It is remarkable though how quickly another farm season comes around because in about two and a half months it will be time to frost seed the wheat field with red clover seeds to follow the wheat crop. And every year many farmers tap their maple trees in February. But in the meantime I am looking forward to the Christmas season with my family and enjoying the slower pace that winter provides me as a farmer. Wishing everybody a wonderful holiday season!
After our farm market opens for the season in June the summer seems to go by so quickly! It seems like we just got the planting done, but now it’s harvest time. Our high school and university students have gone back to school and now fall is here. Even though summer is a lovely memory, fall brings us good things like fresh apples and pumpkin pies. Speaking of pumpkins, it looks like a good crop, especially of small and medium-sized pumpkins. Their size reflects the dry summer that we had.
We are still picking great sweet corn, tomatoes, green beans and sunflowers. So it is a busy season around here and it makes me grateful for the quality staff that we have, not just at the farm and farm market, but also at our kitchen and our town market. I hope that Fall 2015 is a wonderful time for you!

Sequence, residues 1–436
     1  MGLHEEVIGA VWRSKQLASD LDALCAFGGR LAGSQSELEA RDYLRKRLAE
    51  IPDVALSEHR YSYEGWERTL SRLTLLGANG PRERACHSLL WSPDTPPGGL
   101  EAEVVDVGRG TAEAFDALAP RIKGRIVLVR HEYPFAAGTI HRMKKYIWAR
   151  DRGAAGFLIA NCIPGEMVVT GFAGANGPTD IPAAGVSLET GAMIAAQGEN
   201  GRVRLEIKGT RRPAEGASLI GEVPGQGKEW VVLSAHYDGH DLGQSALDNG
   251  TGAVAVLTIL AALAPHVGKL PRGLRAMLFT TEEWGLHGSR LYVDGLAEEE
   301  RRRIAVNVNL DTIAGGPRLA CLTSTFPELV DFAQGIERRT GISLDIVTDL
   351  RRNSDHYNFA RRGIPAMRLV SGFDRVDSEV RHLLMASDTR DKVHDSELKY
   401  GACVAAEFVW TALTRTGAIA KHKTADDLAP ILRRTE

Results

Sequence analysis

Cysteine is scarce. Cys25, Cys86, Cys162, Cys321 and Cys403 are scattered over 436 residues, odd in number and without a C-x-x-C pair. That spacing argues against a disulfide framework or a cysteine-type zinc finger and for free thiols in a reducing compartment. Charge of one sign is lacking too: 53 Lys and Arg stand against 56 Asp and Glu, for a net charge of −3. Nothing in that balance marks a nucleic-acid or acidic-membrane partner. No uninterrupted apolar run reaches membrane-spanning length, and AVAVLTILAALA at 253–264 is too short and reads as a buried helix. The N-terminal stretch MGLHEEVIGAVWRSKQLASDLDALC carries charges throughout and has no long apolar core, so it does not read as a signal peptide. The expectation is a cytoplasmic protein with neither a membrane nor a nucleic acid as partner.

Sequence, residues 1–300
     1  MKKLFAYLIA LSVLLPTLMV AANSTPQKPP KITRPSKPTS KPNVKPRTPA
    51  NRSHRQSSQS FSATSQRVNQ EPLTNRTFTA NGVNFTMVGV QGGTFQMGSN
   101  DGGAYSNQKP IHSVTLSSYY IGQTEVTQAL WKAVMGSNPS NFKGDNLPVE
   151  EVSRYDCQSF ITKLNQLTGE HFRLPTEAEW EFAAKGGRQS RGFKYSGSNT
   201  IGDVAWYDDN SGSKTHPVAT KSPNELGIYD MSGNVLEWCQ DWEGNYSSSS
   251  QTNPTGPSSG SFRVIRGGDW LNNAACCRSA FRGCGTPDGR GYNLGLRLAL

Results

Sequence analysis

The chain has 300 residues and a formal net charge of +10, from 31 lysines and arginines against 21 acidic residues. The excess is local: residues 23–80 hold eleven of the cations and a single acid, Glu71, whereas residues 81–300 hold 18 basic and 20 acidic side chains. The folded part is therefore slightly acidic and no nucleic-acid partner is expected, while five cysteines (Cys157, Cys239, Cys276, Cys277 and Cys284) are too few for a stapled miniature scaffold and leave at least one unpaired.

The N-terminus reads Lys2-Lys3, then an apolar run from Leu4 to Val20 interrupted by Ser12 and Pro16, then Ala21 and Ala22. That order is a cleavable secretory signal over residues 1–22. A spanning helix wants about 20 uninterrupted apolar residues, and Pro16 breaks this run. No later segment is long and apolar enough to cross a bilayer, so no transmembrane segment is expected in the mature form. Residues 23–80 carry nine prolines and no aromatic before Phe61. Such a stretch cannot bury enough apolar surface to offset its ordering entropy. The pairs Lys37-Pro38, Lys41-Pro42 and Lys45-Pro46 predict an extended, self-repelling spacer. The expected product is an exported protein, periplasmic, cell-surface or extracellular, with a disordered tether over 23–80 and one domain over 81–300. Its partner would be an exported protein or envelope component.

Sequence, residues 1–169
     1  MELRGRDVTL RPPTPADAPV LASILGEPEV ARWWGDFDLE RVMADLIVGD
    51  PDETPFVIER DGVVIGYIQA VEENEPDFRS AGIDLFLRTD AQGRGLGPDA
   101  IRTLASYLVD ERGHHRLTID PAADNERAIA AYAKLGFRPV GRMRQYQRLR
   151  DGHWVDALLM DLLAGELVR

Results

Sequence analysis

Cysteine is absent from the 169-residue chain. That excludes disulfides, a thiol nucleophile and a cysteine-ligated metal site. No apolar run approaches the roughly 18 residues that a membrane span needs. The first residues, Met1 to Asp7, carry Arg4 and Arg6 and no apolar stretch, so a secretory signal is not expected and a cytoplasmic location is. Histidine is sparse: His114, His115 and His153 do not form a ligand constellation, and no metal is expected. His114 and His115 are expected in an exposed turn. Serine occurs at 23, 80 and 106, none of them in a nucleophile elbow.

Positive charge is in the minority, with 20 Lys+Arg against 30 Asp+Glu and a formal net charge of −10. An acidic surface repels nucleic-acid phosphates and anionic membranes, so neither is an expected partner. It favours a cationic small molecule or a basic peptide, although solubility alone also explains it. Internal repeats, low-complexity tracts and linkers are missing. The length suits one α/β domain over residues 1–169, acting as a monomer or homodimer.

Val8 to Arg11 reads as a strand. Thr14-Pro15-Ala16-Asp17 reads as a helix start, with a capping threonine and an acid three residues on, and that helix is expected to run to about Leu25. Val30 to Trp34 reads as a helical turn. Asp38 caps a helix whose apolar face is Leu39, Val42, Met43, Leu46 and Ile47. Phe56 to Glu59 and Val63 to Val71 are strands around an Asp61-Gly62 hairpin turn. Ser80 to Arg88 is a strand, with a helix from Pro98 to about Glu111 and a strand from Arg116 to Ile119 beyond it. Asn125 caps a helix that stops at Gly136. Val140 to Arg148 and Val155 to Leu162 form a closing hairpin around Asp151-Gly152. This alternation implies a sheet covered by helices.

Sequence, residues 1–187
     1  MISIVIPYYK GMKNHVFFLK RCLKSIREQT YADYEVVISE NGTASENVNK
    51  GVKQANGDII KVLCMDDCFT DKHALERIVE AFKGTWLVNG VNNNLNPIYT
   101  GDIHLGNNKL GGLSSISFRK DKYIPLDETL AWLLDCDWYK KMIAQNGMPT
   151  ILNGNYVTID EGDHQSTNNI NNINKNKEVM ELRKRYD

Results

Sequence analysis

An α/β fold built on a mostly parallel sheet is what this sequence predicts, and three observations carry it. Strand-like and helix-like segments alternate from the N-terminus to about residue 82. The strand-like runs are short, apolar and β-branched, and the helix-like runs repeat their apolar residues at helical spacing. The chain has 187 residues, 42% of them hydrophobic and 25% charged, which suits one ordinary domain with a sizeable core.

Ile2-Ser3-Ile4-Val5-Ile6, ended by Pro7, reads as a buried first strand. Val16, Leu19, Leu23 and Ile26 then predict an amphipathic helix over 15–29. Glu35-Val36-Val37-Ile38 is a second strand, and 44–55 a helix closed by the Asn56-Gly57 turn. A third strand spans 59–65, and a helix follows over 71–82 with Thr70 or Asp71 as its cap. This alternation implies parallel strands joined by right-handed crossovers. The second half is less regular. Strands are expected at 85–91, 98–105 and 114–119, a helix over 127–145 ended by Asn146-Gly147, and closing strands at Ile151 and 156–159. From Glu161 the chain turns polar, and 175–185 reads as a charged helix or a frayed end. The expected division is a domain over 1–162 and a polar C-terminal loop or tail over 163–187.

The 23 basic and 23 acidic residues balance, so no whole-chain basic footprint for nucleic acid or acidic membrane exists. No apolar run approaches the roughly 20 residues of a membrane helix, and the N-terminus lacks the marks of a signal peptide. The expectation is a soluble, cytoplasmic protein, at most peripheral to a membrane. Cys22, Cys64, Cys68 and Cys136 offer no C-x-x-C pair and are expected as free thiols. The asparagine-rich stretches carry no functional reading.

It was 30 years ago this summer that we first opened up Reesor Farm Market on the 9th Line. Although our current building is quite basic, our original market was just a farm wagon with a canvas roof.
Over the years the variety of produce, baking and foods that we offer has increased along with our customer base. As time passed and to make life better for everybody we built a little market building. Every few years we’ve added some new features and the farm market grew to include a bakery, coolers and more fresh and local food.
This week I was glad to welcome my parents (in the photo above) to opening day of our farm market season. Both my dad and my mom physically helped to build the market and have been a tremendous support to me in running the farm and the market. My wife Miriam also makes huge contributions as well. It has taken a lot of work over the years to build our business and she has always been supportive. I am hoping for a good season for all of us this year growing and making good food.
When spring comes, it can come in a hurry! A little over a month ago all of us were wondering if spring would ever arrive. We had endured a long winter and the cold stayed right into April.
But a few weeks can change everything. We are currently planting everything from strawberries to sweet corn, green and yellow beans, beets, peas, soy beans, oats and clover. The peas and the corn are even up already!
Every spring-planting season has its challenges and right now we are trying to manage all of our planting to maintain moisture. It hasn’t rained significantly for weeks so we have to be careful that every seed we plant finds enough moisture to germinate.We will figure it out.
I hope that you have a chance to do some planting this spring too!